Liao Zhongkai

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This is a Chinese name; the family name is Liao.
Liao Zhongkai
Liao Zhongkai.jpg
Traditional Chinese 廖仲愷
Simplified Chinese 廖仲恺
Liao's death. From left: Liao Chengzhi, He Xiangning, Liao Zhongkai and Liao Mengxing

Liao Zhongkai (April 23, 1877 – August 20, 1925) was a Kuomintang leader and financier. He was the principal architect of the first Kuomintang–Chinese Communist Party (KMT–CCP) United Front in the 1920s.[1]

Early life[edit]

Liao was born in 1877 in San Francisco and received his early education in the United States. He was one of twenty-four children. His father Liao Zhubin, who had five wives, was sent to San Francisco by the Hong Kong and Shanghai Bank.

Returning to Hong Kong in 1893, at the age of sixteen he studied at Queen's College from 1896. He married He Xiangning in 1897. He then went to Japan in January 1903 to study political science at Waseda University. In 1907 he went to Tokyo University to study political and economic science.

In politics[edit]

Liao joined the Chinese Revolutionary Alliance in 1905 upon its founding and became the director of the financial bureau of Guangdong after the founding of the Republic of China.

In the early struggles of the party, Liao Zhongkai was arrested by Guangdong strongman Chen Jiongming in June 1922. After Chen's defeat Liao became Civil governor of Guangdong from May 1923 to February 1924, and then again from June to September 1924. During the first Kuomintang–Chinese Communist Party cooperation period, he was appointed to the Kuomintang Executive Committee.

When the KMT was reformed in 1924, he was named the head of the Department of Workers, and then Department of Peasants. Later he became Minister of Finance of the southern government, seated in Guangdong. When Sun Yat-sen died in Beijing in March, 1925, and Liao was one of the three most powerful figures in the Kuomintang Executive Committee, the other two were Wang Jingwei and Hu Hanmin.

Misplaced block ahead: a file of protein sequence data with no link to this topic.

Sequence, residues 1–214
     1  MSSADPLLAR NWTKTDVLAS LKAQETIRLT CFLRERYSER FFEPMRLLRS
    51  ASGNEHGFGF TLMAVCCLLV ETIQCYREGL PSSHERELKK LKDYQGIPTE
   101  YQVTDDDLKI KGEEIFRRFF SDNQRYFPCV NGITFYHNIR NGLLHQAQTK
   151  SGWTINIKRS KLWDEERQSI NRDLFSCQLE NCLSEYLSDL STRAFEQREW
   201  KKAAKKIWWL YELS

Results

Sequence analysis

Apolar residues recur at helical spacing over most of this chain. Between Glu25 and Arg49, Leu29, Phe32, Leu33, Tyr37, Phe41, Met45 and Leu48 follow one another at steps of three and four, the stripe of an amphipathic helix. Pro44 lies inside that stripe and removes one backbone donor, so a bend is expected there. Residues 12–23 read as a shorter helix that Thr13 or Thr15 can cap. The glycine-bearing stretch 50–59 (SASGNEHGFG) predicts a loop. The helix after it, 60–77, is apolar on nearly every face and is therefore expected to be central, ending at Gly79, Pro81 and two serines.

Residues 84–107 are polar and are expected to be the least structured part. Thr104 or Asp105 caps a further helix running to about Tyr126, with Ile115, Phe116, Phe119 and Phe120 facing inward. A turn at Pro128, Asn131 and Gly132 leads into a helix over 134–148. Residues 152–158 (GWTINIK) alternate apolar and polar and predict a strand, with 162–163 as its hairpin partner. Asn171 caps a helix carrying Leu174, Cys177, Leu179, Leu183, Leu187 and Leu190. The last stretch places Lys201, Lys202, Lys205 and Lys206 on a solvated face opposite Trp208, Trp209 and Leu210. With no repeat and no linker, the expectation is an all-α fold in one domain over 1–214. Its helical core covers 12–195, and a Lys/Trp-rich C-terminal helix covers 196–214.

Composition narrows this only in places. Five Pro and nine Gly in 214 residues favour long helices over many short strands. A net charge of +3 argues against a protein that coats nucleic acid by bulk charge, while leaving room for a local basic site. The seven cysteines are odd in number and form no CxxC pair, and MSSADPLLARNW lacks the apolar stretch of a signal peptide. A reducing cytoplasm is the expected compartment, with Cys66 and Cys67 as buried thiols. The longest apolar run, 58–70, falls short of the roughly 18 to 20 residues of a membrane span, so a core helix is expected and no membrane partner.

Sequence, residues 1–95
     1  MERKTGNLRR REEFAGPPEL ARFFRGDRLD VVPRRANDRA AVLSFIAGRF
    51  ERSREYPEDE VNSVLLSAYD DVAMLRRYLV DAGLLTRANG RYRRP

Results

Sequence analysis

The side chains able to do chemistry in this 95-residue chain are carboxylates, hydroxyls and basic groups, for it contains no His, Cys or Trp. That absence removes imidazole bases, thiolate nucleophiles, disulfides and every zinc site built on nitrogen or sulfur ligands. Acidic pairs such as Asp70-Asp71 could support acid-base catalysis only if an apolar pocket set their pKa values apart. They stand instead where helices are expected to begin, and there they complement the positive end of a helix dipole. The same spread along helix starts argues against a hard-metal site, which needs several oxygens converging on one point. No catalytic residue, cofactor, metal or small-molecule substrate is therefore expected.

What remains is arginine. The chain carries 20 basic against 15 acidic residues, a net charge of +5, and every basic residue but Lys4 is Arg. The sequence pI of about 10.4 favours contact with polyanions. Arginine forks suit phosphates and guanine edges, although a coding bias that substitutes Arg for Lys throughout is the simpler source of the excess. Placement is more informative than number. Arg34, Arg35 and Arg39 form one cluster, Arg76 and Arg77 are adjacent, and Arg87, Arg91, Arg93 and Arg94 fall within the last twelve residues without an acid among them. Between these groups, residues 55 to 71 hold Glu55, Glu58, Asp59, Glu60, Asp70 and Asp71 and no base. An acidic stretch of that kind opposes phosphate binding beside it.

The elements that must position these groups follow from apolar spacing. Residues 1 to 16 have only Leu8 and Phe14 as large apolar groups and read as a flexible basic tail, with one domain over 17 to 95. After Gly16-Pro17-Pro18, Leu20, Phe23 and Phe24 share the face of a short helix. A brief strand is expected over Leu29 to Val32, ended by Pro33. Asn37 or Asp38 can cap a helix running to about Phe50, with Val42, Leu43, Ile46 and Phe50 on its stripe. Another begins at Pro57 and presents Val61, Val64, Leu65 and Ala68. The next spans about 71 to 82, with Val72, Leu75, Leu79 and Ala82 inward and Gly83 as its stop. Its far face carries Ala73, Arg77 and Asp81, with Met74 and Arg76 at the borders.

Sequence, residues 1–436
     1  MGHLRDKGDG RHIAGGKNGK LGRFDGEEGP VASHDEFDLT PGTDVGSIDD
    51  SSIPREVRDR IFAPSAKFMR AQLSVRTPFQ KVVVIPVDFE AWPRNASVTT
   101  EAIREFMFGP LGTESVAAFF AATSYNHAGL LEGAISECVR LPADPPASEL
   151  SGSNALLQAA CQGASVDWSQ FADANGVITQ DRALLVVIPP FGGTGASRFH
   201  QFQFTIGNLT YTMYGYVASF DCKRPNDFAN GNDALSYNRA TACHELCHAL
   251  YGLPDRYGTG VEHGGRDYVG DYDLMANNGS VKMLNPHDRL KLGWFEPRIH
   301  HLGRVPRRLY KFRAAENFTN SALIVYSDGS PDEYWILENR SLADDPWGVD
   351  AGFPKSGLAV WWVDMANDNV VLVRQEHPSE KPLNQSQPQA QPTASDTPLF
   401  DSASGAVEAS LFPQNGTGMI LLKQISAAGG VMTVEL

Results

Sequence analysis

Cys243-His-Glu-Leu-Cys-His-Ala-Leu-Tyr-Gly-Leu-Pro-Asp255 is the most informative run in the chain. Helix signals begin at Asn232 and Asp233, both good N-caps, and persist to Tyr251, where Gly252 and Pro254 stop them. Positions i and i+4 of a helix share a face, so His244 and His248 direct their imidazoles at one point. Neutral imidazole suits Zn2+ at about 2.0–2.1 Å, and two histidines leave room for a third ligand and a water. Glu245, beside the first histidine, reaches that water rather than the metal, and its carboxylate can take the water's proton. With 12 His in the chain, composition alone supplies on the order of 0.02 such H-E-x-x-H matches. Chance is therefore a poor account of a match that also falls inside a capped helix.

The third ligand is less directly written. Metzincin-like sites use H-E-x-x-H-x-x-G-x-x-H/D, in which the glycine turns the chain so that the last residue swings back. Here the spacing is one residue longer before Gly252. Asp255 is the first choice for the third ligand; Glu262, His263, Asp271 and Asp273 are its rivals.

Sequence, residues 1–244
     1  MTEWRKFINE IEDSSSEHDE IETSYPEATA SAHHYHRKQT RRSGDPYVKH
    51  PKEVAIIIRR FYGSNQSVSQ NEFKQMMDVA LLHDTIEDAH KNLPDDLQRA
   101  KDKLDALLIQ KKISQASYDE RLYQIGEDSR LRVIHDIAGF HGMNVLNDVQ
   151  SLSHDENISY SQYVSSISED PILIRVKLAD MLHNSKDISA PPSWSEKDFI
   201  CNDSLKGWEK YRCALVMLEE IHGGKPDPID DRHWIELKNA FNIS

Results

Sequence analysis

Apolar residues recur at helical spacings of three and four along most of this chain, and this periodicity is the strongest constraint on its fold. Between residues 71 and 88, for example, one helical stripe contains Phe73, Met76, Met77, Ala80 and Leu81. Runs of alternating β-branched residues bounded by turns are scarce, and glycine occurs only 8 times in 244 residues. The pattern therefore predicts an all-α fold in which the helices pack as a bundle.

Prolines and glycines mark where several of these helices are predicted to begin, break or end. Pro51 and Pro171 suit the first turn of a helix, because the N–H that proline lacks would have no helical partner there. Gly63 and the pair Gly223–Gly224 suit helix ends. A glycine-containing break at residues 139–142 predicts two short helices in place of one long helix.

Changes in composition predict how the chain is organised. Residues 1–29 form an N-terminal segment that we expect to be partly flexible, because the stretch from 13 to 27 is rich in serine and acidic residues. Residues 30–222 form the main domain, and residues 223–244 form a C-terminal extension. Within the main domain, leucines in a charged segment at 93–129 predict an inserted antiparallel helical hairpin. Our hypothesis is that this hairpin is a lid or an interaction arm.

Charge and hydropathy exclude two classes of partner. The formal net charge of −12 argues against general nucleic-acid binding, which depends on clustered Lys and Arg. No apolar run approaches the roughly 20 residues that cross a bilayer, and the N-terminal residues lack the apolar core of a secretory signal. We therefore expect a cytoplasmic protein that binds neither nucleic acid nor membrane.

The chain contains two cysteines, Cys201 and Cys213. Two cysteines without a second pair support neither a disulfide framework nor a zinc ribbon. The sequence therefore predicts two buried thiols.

Liao continued his belief in Sun's policy after he died, including one of the key policies of maintaining close relations with the Soviet Union as well as the Chinese Communist Party, which was strongly opposed by the KMT right wing. Liao was assassinated before a Kuomintang Executive Committee meeting on August 30, 1925 in Guangzhou, Guangdong when five gunmen riddled him with bullets from Mauser C96s as he stepped out of his limousine. Suspicion for the act fell upon Hu Hanmin, who was then arrested. This left only Wang Jingwei and the rising Chiang Kai-shek as rivals for control of the Kuomintang.

Liao and He Xiangning had a daughter, Liao Mengxing, and a son, Liao Chengzhi. The latter had four sons, Liao Hui being the eldest. Anna Chennault is his niece.

References[edit]

  1. ^ Kurt Werner Radtke; Chengzhi Liao (1990). China's Relations With Japan 1945-83: The Role of Liao Chengzhi. Manchester University Press. pp. 23–. ISBN 978-0-7190-2795-6. Retrieved 4 January 2013. 

Further reading[edit]

Itoh, Mayumi (August 2012). Pioneers of Sino-Japanese Relations: Liao and Takasaki. Palgrave-MacMillan. ISBN 978-1-137-02734-4.

External links[edit]